Are Kindle Hacks good for books?

Just deleted a post that linked to two Kindle hacks and 1 Nook hack -

  1. How to get free browsing and US range and prices outside the US. 
  2. How to break DRM of Kindle for PC books (although Amazon has already fixed that).
  3. How to get Nook books to work on Sony Reader.

The reason is that it was really hard to decide whether these hacks are good for books and for people who love books.

DRM Hacks have lots of consequences – only a few of which are good.

It’s very fashionable to break DRM. You are the grand protector of poor, trampled rights.

However, what does it really do?

This is what happens when you hack the DRM of books -

  1. The hacker and anti-DRM people get a sense of satisfaction. 
  2. Ethical people feel that they can now share their ebook with friends. They do.
  3. Unethical people feel that they can now get ebooks for free. They do too.
  4. Publishers get even more paranoid.
  5. The amount authors make becomes less.
  6. Publishers push back even more against eBooks and eReaders.
  7. Progress is stalled.

Why do ‘Good and Open’ people and companies want to impose their moral values on other people?

Who owns the right to decide what moral or ethical model books are sold under?

  1. Is it the author?
  2. Is it the Publisher or the store?
  3. Is it readers?

If a hacker says that things should be free or free of DRM – Is he really entitled to decide that?

Or is it a prerogative of the content creator which the hacker is usurping?

What will free international Internet browsing do?

Nothing much. Amazon was going to release the feature in 2010 anyways.

Bandwidth isn’t free so if people start abusing the workaround too much, Amazon will have to shut it off until the formal feature release date.

What will international kindle owners buying US books from outside the US do?

Just give Publishers another reason to stall on eBooks.

Consider the cycle -

  1. Someone in Spain feels they are entitled to read whatever they like.
  2. They figure out a workaround.
  3. Just to make sure everyone knows how cool they are – they publish it on a big, huge blog.
  4. Now 50% of international kindle owners start buying books whose international rights aren’t allowed for the Kindle.
  5. Publishers freak out. In this case especially so as the payments will go to whatever Publisher has the US rights.

You’ve just managed to get Publishers even more stressed out.

It makes them less likely to embrace eReaders and eBooks.

Don’t think all these hacks serve books or people who love books in any way. Can’t really peek into the future so who knows what effect these hacks will have.

What do you think – Do hacks like these accelerate progress or stall it?

DIY Kindle Mod for Europe wireless use

Important Note: Modding the Kindle 2 to work in Europe is an ongoing project by – Its not yet finished. In no way is this blog affiliated with it. This post covers it because it is a rather interesting endeavour.

There are some really interesting mods and hacks being done for the Kindle (most in the software). However, this one will take the cake if it succeeds.

Kindle Mod for Wireless Access in Europe

Its interesting to see the steps to mod the Kindle for wireless access in Europe. There are a few main steps -

  1. Remove the lower back and then the back.
  2. Remove the battery to be able to get to the wireless modem.
  3. Remove the  CDMA/EVDO modem and put in a UMTS/HSPA modem that works in Europe. 
  4. Solder in a SIM Card holder and attach a SIM Card.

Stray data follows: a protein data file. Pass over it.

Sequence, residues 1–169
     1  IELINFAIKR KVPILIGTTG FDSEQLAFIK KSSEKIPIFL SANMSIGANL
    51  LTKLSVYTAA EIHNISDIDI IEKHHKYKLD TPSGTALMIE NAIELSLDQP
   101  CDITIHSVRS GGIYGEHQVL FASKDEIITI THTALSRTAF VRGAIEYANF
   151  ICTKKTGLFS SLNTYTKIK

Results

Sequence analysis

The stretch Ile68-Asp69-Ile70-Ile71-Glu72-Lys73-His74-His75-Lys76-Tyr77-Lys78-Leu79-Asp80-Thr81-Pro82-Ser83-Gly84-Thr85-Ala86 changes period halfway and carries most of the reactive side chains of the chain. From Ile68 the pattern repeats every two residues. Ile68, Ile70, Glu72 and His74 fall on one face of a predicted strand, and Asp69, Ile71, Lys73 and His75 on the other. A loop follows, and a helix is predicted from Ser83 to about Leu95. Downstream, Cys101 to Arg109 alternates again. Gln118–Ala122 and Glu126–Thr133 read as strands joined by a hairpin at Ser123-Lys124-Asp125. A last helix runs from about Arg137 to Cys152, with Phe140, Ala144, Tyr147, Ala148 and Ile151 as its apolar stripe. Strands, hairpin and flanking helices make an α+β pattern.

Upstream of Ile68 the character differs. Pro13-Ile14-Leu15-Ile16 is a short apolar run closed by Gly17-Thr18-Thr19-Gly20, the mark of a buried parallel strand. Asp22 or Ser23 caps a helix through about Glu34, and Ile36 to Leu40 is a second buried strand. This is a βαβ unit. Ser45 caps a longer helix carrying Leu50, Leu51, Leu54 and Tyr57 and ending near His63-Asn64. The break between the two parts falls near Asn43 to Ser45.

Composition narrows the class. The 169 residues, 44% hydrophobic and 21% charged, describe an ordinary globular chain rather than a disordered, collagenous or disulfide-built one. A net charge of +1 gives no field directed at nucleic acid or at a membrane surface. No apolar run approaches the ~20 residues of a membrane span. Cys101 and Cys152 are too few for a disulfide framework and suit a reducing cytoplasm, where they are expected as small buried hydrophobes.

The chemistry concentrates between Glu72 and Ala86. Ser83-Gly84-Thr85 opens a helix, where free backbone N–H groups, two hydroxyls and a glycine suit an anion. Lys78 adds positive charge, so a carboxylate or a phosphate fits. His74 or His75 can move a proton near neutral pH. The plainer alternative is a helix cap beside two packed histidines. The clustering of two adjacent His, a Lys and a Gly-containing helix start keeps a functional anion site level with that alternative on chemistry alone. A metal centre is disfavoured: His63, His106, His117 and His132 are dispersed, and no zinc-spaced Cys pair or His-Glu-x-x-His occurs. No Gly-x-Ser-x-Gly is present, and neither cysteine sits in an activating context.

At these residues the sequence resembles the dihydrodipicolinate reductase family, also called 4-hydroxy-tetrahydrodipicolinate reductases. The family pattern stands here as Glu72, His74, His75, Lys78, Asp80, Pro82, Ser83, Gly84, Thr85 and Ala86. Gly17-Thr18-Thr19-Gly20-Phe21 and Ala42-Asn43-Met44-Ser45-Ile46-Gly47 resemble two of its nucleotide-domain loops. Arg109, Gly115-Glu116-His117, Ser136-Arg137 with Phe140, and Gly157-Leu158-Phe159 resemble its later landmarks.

5. Put Humpty Dumpty back together again.

There’s the usual unscrewing things and taking apart things and putting them back together. We do get a rather good look at the innards of the Kindle -

Kindle Already has a SIM Card Slot - Wonder Why.

Kindle Already has a SIM Card Slot - Wonder Why.

A few key takeways from the modding process -

  1. Kindle has one (or more) USB host port(s).
  2. People have an amazing proclivity to assume Amazon doesn’t pay for bandwidth i.e. the whole ‘it would be nice to get free Internet on a netbook’ comment. 
  3. WiFi ought to be possible and some would say a better choice than HSPA.

Most of all, it’s hard not to notice …

It seems to be rather easy to mod Kindle hardware for Europe.

If you think about it, there are just two main steps

  1. Replacing a US wireless network modem by a wireless modem suited to European networks.
  2. Adding a SIM card holder and a SIM card to the rather fortuitously placed SIM card slot.

It’s almost as if Kindle 2 were designed to be easily moddable for use in Europe. Too bad the European mobile networks want the whole cake for themselves.

Coming back to the mod

It seems to be stuck at the software part. Perhaps someone will help unblock it and help demonstrate a Kindle with Internet Access in Europe.

Text Messages from the Kindle

For more Kindle Tips please check out our Kindle Tips app – 133 Kindle Tips for just $1. It has 130+ tips for your Kindle and lets you get the most out of your Kindle.

Now, on to the tip for sending text messages from the Kindle.

Courtesy Woody Woodward at Kindle Korner (and via Kindle Chronicles) here’s a pretty cool tip -

Our Kindles have the ability to send SMS “TEXT” messages to cell
phones by using e-mail gateways. Any Web-based e-mail that works with
Kindle may be used for this. Simply address the e-mail to the 10-digit
cell phone number at the appropriate gateway.
e.g. for ATT cell customers
This is a (unverified) list of gateways for various cell services.
US Cellular:
Virgin Mobile:

So there are three steps to texting via your Kindle -

  1. Use your normal email program on the Kindle. You can learn how to use email on the Kindle at the Kindle Top Tips post. (hack# 11 on the list)
  2. Take the number you want to text to, say 4258943912, add the appropriate gateway for that number, let’s say AT&T –, and you have
  3. Text away.